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Cuba’s hopes of becoming energy independent and net oil exporter are slipping further beyond site after yet another well has been announced as dry.
The Cuban government has claimed that its offshore oil reserves hold around 20 million barrels of oil, although the US Geological Survey has said that the figure is much closer to 5 million barrels.
The Communist newspaper Granma reported that the well drilled of the west coast by the Venezuelan state oil company PDVSA has been abandoned because “it did not offer possibilities of commercial exploitation.”
To further exacerbate the situation, the Scarabeo 9 rig, one of the few deepwater drilling rigs available to work in Cuba, due to long standing US sanctions, is set to leave for West-Africa by the middle of this month.
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The Cuban wells that have been drilled to access the oil deposits have been done so in water that is more than a mile deep, meaning that finding a new rig capable of such drilling depths is very difficult.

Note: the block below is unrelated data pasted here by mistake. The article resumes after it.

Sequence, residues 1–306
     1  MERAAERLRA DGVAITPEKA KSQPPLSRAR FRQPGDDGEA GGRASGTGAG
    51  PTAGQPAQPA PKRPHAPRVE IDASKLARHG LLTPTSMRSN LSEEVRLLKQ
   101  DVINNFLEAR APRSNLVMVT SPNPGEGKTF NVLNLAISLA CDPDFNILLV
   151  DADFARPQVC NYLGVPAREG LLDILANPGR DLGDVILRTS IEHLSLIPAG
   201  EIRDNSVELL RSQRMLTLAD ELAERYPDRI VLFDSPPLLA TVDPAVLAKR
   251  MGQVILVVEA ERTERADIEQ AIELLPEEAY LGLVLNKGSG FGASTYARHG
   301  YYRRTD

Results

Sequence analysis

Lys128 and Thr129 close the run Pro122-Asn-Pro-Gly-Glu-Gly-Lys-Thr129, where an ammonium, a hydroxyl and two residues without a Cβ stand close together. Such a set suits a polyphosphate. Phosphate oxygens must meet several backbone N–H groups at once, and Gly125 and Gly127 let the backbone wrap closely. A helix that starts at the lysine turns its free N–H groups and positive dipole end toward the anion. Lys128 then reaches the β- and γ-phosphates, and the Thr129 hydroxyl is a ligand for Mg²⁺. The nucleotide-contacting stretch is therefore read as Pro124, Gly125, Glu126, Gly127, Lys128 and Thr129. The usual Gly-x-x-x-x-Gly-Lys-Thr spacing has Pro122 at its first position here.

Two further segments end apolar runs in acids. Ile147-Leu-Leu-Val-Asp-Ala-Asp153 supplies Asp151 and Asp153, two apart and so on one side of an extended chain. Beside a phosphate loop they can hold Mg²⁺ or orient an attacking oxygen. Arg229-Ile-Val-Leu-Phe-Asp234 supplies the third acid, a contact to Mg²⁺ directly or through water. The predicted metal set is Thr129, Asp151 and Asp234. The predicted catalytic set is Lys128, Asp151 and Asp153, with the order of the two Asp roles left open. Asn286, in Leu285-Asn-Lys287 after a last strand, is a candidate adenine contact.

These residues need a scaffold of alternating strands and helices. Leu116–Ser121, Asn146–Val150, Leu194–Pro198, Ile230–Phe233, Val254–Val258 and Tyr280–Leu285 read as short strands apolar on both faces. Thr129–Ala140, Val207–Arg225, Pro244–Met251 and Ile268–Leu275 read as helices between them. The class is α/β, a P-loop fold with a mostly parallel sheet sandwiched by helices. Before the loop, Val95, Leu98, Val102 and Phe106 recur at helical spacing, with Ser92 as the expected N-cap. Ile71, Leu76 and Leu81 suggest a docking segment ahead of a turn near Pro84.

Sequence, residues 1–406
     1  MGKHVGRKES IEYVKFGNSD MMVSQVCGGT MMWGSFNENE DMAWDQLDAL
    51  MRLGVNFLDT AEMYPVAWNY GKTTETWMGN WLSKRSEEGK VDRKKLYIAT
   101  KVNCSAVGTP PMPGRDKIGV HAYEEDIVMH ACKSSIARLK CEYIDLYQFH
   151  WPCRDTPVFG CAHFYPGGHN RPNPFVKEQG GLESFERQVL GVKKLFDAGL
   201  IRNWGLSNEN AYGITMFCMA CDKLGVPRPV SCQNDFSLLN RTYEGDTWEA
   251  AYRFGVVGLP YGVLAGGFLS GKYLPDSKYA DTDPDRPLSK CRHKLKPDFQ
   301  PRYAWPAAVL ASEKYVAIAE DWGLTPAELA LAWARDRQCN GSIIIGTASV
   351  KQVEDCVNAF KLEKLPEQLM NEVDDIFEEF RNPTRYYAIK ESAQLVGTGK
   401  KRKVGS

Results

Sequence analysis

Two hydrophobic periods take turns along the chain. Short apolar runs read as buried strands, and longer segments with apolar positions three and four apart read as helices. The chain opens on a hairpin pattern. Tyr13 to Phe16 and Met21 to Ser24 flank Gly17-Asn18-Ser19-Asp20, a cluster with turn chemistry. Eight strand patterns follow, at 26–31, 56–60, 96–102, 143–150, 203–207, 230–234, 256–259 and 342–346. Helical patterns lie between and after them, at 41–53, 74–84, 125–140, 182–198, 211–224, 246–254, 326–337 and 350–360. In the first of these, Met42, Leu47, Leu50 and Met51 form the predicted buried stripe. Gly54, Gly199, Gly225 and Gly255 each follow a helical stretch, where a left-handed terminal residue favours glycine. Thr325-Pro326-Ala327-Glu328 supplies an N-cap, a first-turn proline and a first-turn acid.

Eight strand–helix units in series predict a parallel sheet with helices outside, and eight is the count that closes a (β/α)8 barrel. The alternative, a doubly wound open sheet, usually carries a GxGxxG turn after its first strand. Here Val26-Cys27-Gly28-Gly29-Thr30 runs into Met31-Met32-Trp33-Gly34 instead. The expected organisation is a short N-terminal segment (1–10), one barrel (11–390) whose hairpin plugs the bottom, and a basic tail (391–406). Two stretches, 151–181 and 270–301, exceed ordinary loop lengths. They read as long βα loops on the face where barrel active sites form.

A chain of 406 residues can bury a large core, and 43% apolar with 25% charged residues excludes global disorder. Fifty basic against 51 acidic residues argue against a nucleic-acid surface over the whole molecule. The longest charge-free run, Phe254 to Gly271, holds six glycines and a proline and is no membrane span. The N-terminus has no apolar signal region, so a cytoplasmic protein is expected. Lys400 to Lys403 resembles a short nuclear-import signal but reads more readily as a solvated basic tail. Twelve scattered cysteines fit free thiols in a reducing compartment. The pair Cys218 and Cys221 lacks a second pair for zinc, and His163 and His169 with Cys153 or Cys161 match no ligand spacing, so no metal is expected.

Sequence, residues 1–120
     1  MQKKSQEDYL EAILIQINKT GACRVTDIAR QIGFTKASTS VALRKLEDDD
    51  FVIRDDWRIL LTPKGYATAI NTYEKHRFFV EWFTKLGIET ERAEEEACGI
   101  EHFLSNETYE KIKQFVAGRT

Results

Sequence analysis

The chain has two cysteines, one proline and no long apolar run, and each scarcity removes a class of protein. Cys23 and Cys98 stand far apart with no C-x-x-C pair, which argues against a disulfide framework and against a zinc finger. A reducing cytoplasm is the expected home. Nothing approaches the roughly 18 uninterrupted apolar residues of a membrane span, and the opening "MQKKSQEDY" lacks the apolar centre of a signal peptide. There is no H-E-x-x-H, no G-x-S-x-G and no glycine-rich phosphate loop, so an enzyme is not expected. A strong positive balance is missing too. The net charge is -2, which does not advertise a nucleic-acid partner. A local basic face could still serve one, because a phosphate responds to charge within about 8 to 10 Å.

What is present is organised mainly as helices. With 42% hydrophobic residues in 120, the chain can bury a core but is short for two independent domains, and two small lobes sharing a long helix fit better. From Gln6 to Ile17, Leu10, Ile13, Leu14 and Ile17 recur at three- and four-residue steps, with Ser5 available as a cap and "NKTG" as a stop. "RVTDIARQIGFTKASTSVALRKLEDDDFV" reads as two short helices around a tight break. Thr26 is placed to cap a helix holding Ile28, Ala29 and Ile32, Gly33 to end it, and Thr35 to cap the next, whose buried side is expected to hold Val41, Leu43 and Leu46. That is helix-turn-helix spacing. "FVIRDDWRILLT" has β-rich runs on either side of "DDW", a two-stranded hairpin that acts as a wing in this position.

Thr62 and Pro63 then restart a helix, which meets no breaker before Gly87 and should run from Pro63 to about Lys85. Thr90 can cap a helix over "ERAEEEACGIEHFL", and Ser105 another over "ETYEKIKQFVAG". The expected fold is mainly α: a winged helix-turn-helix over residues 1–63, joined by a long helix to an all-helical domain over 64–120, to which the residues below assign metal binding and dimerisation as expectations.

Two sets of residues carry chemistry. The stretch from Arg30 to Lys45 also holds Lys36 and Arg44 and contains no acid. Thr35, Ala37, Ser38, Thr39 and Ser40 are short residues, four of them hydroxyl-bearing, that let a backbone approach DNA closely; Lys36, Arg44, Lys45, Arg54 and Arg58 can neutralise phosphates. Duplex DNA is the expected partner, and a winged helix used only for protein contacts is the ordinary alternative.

Repsol, who brought the Scarabeo 9 rig to Cuban waters, pulled out of the area after drilling a failed well earlier in the year. They passed the rig onto Petronas who, with Russia’s Gazprom Neft, drilled another empty well. Finally the Scarabeo 9 was given to PDSVA, only to drill a third dry hole. Luckily for Cuba, PDVSA has announced that it will remain in the area and is determined to tap into the hidden oil.
For the time being Cuba’s best hopes lie with Russia’s Zarubezhneft, who are set to begin drilling later in the month just east of Havana, in much shallower water.
By. Joao Peixe of Oilprice.com
Joao is a writer for Oilprice.com